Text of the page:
Giving Money Away?

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Revamping a bank’s pricing can trigger a revenue boost

By Pieter van den Berg and Deepak Goyal

Growth isn’t a given in banking today. Revenue growth has lagged in the low single digits, at best, in recent years. At the same time, cost and efficiency campaigns at many banks have hit a point of diminishing returns.

However, a few banks large and small are reinventing top-line and bottom-line growth simply through repricing initiatives for their loans and fee services. They are scrutinizing and optimizing their pricing performance—from discounting practices to fee levels and structures, sales incentives and overall governance.

The results can be spectacular. Focused repricing initiatives are a no-cost, low-risk driver of revenue increases—5 to 10 percent on total revenues, net of attrition—that drop straight to the bottom line.

Pricing initiatives offer particular potential for community banks, and they resolve an urgent need to get pricing right; many banks are now pushing to expand product offerings in mobile banking, cash and wealth management, and personal finance. And like other banks, they depend on margins from a full array of incremental business and retail products and fee services—from branch banking to credit cards, mortgages and commercial loans.

Yet this is a largely missed opportunity for banks of all sizes. Instead, counterproductive loan and product discounting anomalies are prevalent. These can be driven by a number of factors, including:

Limited guidelines on price differentiation by client segment. Many banks have just one standard price level based on which the relationship manager has to make an arbitrary decision for what the appropriate discount is for each client, without the support of robust data and tools.

Volume or bundle discounts that continue indefinitely, even if the client has switched away from initially agreed volumes or products.

Omitted charges as a result of waivers, creeping customization or prices that do not factor in all costs.

Aged, unrevised prices, especially for fees, which many banks fail to review and reset on a regular basis for each client.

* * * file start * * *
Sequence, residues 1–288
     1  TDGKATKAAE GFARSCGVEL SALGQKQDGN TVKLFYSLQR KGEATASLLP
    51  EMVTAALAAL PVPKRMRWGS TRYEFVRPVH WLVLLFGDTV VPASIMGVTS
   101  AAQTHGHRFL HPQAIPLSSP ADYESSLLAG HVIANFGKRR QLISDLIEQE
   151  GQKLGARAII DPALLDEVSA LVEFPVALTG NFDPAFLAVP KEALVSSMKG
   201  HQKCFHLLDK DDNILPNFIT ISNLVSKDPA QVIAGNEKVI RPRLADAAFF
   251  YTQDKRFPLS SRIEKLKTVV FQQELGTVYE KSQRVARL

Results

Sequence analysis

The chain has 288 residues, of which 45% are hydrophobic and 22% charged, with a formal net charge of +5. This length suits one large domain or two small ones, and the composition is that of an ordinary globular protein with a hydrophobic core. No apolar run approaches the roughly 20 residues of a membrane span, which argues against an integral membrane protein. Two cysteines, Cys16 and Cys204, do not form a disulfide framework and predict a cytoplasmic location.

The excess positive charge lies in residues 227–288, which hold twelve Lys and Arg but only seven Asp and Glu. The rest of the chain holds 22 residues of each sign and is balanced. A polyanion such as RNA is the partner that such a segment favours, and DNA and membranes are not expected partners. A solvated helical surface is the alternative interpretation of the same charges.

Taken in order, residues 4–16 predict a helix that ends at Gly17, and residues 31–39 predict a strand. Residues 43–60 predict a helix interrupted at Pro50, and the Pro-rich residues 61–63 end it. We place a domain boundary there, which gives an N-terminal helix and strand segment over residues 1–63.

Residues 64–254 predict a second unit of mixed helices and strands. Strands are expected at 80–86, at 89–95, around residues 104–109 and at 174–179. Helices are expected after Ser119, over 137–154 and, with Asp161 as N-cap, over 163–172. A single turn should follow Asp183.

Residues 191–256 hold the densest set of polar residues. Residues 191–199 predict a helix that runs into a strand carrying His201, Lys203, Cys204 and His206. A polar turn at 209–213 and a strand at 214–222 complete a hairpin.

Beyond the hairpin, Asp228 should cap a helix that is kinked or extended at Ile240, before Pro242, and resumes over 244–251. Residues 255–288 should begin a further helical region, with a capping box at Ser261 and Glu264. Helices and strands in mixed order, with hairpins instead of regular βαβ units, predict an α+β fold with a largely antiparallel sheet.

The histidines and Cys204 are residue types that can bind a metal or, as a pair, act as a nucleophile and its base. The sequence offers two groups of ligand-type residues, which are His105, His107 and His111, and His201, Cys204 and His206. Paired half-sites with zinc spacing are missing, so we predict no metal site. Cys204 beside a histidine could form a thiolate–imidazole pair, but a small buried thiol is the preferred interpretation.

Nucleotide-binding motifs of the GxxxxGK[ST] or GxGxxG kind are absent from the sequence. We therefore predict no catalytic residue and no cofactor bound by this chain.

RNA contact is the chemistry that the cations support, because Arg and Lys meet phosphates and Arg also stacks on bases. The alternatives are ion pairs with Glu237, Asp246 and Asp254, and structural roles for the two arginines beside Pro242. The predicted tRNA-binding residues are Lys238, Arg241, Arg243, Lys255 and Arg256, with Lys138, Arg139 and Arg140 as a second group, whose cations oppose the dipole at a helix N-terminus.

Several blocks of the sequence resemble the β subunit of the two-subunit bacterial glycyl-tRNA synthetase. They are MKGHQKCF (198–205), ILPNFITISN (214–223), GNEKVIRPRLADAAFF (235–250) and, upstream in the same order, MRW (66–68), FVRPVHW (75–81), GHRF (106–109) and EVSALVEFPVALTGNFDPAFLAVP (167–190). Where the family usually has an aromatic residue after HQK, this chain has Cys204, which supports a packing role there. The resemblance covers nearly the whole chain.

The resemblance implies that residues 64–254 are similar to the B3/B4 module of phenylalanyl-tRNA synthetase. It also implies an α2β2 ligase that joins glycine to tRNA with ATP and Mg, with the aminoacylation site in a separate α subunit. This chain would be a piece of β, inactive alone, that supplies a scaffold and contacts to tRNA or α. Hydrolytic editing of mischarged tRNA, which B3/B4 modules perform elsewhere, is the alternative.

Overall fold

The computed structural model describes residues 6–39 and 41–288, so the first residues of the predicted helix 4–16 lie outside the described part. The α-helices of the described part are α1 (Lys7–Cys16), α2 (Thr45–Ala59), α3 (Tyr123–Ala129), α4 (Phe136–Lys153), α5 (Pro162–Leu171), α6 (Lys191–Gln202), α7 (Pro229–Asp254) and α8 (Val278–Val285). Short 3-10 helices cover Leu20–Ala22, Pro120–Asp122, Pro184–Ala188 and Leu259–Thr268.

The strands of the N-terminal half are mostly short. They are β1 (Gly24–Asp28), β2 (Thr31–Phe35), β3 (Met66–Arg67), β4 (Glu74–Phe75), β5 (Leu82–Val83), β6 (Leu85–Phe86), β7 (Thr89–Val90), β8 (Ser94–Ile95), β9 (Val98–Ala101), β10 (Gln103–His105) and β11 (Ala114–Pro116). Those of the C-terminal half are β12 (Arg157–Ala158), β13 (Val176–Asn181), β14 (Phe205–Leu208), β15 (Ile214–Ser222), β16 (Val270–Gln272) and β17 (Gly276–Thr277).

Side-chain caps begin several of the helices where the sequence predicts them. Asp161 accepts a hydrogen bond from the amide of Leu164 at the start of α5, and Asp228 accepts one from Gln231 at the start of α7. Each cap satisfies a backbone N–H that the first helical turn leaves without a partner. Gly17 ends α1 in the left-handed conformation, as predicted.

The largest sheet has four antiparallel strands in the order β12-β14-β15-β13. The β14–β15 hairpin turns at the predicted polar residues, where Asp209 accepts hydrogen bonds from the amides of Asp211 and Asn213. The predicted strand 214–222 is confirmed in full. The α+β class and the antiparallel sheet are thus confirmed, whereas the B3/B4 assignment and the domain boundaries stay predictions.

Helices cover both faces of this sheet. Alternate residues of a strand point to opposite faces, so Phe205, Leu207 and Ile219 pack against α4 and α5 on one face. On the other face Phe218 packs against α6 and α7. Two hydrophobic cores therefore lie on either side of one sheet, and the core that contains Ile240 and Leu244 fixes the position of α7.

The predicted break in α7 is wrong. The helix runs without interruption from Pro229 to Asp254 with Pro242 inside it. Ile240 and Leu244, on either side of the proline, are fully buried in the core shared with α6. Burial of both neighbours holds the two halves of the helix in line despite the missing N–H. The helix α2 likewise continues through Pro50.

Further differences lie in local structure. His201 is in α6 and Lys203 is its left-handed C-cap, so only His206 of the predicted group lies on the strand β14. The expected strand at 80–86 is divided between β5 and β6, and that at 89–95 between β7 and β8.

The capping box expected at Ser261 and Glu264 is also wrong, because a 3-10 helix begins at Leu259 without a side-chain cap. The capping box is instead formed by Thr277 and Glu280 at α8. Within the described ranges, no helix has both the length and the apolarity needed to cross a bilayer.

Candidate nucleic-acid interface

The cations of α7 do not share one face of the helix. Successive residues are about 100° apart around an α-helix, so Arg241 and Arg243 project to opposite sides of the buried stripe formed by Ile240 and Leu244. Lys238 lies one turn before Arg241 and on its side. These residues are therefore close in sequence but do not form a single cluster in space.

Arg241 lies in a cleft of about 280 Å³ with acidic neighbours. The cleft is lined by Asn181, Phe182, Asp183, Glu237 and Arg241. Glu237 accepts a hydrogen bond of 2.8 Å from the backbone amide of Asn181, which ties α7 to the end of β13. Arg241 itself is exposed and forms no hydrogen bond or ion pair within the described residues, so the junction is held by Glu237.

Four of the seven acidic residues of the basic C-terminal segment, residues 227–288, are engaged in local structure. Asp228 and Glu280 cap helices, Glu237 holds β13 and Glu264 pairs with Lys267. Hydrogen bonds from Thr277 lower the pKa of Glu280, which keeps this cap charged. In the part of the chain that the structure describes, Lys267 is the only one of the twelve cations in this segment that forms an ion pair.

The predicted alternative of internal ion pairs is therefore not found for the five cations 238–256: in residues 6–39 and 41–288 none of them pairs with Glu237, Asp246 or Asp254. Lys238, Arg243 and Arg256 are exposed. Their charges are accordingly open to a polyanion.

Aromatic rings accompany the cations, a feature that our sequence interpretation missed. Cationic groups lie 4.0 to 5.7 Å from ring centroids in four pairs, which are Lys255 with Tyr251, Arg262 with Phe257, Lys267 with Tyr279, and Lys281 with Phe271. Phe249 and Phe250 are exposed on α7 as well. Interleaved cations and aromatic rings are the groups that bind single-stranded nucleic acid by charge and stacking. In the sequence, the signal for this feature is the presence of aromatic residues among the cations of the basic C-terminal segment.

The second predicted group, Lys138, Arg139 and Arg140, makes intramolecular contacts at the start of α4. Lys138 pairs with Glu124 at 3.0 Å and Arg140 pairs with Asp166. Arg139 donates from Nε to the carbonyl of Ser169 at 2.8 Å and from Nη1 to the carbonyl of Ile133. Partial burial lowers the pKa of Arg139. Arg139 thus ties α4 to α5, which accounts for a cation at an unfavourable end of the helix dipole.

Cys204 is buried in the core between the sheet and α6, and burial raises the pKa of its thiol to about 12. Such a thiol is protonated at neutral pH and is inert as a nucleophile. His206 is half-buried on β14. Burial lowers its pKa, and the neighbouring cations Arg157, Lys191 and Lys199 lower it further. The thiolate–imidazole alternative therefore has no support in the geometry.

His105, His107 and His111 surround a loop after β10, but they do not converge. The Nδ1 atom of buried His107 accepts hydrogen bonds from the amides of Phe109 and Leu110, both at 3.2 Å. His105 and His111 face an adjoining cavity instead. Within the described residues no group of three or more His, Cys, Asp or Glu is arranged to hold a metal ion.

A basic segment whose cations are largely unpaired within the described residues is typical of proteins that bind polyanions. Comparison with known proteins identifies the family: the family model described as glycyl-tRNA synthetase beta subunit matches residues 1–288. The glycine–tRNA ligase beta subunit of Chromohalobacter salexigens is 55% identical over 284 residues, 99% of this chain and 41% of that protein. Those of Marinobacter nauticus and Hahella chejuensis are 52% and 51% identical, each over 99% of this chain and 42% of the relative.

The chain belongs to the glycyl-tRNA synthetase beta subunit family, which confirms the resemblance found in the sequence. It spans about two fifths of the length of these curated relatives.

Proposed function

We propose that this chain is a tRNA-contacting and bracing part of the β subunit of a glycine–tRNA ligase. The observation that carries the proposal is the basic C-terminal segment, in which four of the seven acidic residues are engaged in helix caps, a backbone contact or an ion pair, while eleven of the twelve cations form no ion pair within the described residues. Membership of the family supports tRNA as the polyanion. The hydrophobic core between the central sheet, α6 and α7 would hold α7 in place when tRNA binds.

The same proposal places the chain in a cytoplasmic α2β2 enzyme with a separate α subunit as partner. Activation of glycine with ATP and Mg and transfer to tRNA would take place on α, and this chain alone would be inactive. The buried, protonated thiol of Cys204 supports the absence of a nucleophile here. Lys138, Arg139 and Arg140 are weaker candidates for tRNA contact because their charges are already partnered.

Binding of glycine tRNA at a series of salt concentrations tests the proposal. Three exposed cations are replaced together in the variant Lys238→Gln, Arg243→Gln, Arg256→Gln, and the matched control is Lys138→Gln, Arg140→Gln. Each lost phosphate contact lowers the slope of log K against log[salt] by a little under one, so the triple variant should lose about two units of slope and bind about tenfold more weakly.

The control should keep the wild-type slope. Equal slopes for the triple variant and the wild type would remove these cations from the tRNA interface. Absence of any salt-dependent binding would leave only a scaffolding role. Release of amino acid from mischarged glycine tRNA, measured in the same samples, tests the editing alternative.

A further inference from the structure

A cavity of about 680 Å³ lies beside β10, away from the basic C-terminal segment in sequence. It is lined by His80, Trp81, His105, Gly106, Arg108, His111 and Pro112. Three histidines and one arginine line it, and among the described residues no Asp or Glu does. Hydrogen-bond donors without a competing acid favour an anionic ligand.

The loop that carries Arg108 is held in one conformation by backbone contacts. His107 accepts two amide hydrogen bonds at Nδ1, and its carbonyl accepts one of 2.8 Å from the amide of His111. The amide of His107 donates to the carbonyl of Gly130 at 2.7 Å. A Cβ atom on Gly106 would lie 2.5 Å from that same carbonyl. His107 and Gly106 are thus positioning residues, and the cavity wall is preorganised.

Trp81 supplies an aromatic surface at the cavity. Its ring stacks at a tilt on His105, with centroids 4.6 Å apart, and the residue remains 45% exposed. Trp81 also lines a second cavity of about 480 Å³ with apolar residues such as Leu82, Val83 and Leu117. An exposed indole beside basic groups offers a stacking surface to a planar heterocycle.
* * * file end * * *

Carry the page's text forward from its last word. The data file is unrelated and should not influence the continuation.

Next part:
Adverse incentives for relationship managers, focusing more on revenues than on margins, leading them to win and retain clients “at any price.”

Monitor and enforce price standards and terms where “exception” prices get approved almost automatically and are not being tracked systematically.

Successful repricing can achieve significant impact in the first six to nine months, including 5 to 10 percent overall revenue improvement. But the most remunerative programs are comprehensive ones, requiring strong support from senior management to create an environment that can adapt longstanding relationships, practices and perceptions.

In our experience, the most successful repricing efforts take advantage of three sets of levers:

Price setting—to ensure that the pricing model covers all current costs—such as the increased burden of new regulatory requirements, that pricing structures like bundling and volume brackets maximize value, and that price levels reflect up-to-date market demand.

Price realization—to differentiate and maximize prices by client segment; to guide discounts and fee waivers; to stem billing leakage; and to manage, monitor and maximize post-sale pricing over time. At some banks 50 percent of fee revenues have not been repriced in the previous four years. Improved price realization can pay for itself with immediate revenue impact.

Organization and governance—to build bank pricing capabilities and relationship management tools to support execution in the field, and to provide governance including clear rules and responsibilities on pricing issues and incentives.

Successful repricing initiatives tend to follow a similar path involving several steps.

The first step is a rigorous diagnostic to identify the areas that offer the most potential.

The second step is to design a new pricing strategy, differentiating target prices by client segment, sales volumes and underlying, fully loaded costs.

Next, a pilot-repricing program is initiated to test it with a subset of relationship managers and clients. Managers should be equipped with tools to make the right pricing trade-offs in the field. A successful pilot helps build the expertise and confidence of the client-relationship team.

In the final step, the repricing program is ramped up and rolled out across the bank.

With strong support and attention from the senior management team, a community bank’s investment in repricing can pay sustained and substantial dividends.


Pieter van den Berg (vandenberg.pieter@bcg.com) is a partner in the financial institutions practice of The Boston Consulting Group, an international management consulting firm.

Deepak Goyal (goyal.deepak@bcg.com) is a senior partner in the firm’s financial institutions practice.

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